general goal orientations (mastery and performance outcomes) that reflect the purposes individuals are
pursuing when approaching and engaging in a task (Linnenbrink & Pintrich, 2002). Adaptive goal
orientation as an enabler of success is based on research findings suggesting that mastery goals foster a
host of adaptive motivational, cognitive, and achievement outcomes (Ames, 1992). In dance, I expect
8
that both mastery and performance outcomes are required in order to achieve success as a professional
dancer.
Are there other ways in which motivation relates to career success?
In dance, as in other domains of expertise, it is likely that the role of motivation is critical to
reaching professional status. In dance, as in music, performers are faced with fierce competition, and
few students ever achieve professional status. According to the US Census, fewer than 30% of
performers in music and dance are employed full-time in their domains of expertise (Hamilton, Kella,
& Hamilton, 1995).
At an early age, most aspiring dancers are probably aware of the low probability of reaching
professional status as a ballet dancer. Published opinion (Pickman, 1987), research (Macchi &
Crossman, 1996), biographies of well-known expert dancers (Villella & Kaplan, 1992; Kirkland,
Lawrence, & Lawrence, 1986; Villella, Kaplan, 1992), and even popular movies (The Turning Point,
1977; Dancers, 1987; Center Stage, 2000) illustrate the lifetime of personal sacrifices (diminished family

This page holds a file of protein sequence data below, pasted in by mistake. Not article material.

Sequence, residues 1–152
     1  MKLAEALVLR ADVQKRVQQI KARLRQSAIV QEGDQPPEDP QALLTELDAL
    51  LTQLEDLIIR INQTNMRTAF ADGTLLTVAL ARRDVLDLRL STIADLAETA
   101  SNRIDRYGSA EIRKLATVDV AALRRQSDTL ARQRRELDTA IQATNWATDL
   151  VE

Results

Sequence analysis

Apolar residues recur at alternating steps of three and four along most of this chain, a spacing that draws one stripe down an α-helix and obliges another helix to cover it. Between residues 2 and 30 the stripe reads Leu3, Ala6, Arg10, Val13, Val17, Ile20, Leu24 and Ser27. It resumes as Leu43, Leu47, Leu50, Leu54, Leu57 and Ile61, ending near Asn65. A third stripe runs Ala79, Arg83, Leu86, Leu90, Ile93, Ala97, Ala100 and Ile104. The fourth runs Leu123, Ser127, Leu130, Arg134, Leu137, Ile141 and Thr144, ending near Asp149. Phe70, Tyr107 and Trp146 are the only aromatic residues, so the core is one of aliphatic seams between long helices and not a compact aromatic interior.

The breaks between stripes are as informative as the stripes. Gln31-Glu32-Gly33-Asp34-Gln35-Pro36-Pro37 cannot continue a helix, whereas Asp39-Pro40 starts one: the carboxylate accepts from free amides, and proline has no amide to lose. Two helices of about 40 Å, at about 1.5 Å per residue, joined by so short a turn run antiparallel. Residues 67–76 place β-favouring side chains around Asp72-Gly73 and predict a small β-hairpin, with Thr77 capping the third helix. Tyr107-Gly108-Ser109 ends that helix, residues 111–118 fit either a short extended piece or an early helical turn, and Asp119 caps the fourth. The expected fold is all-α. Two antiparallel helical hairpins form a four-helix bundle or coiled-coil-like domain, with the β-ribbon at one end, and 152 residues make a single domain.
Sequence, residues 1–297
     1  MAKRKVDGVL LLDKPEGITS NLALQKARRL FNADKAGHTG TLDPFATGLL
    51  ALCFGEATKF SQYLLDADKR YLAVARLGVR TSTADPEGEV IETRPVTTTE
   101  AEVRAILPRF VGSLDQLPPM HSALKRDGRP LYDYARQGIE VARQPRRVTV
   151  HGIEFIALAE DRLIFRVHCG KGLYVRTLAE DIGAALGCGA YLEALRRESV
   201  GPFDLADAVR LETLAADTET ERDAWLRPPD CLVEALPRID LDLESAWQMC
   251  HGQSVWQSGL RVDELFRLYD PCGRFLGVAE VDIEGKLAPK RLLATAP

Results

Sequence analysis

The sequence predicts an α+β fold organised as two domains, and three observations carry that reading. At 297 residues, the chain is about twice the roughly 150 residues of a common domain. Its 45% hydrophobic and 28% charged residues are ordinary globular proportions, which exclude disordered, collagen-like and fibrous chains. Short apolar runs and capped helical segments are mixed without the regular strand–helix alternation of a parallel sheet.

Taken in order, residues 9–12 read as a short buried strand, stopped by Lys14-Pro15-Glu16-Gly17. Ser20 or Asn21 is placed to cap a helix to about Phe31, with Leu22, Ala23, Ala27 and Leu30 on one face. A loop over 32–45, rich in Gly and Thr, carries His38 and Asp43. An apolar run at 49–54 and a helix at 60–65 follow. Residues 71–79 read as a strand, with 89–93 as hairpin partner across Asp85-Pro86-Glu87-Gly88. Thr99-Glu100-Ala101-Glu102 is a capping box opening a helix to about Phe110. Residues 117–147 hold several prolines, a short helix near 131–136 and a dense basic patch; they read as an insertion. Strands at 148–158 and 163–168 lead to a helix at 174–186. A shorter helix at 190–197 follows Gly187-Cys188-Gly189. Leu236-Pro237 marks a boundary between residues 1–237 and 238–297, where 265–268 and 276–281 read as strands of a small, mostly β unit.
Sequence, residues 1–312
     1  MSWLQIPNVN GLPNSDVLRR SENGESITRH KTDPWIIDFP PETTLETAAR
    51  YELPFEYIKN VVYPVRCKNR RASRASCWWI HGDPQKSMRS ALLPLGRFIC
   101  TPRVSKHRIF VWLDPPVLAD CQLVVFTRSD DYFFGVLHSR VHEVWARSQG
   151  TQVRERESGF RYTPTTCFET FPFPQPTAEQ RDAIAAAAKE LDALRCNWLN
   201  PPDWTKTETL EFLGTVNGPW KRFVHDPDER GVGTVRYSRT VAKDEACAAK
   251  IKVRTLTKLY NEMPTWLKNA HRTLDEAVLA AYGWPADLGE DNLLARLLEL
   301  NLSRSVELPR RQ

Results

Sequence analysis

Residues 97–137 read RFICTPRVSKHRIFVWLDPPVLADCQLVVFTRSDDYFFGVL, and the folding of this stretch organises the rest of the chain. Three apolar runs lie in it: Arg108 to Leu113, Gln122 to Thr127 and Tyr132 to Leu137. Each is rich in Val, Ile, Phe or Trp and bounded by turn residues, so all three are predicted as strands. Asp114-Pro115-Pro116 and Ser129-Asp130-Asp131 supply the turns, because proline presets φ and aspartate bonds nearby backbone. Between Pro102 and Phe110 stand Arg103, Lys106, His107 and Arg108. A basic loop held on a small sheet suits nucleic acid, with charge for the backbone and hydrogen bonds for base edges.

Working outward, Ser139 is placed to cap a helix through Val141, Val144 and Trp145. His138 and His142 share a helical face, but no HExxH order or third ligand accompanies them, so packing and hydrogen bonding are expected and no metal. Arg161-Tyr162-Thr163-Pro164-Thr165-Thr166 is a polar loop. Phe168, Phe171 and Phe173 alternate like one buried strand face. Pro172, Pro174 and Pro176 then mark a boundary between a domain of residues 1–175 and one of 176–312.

time, struggles with eating disorders often to the point of near-death, decision to pursue dance over
academics, and professional obstacles such as occupational stress, injury, and short-lived professional
career expectancy) that classical ballet dancers must face in their pursuit of a professional career in
ballet. Indeed, the decision to pursue a career in classical ballet in and of itself can be seen as a
sacrifice. The short-lived duration of a performance career in dance (most professional dancers end
their performance careers by the age of 35) combined with the early training required to succeed as a
dancer, often results in unemployment at a comparatively young age with minimal preparation for
making a career transition (Pickman, 1987). LeBlond (1982) described this sacrifice as a “blinder’s
phenomenon,” in which a near-hysterical concentration on classical ballet technique begins at a very
early age, when dancers shut themselves in a studio to perfect their steps and therefore systematically
disqualify themselves from learning anything else in the outside world.
Despite the highly competitive and demanding nature of ballet and the expected hurdles a
dancer must face, the number of students (supported and encouraged by families) who aspire to a
9
professional career in dance does not diminish. In the US, the study of dance is part of the lives of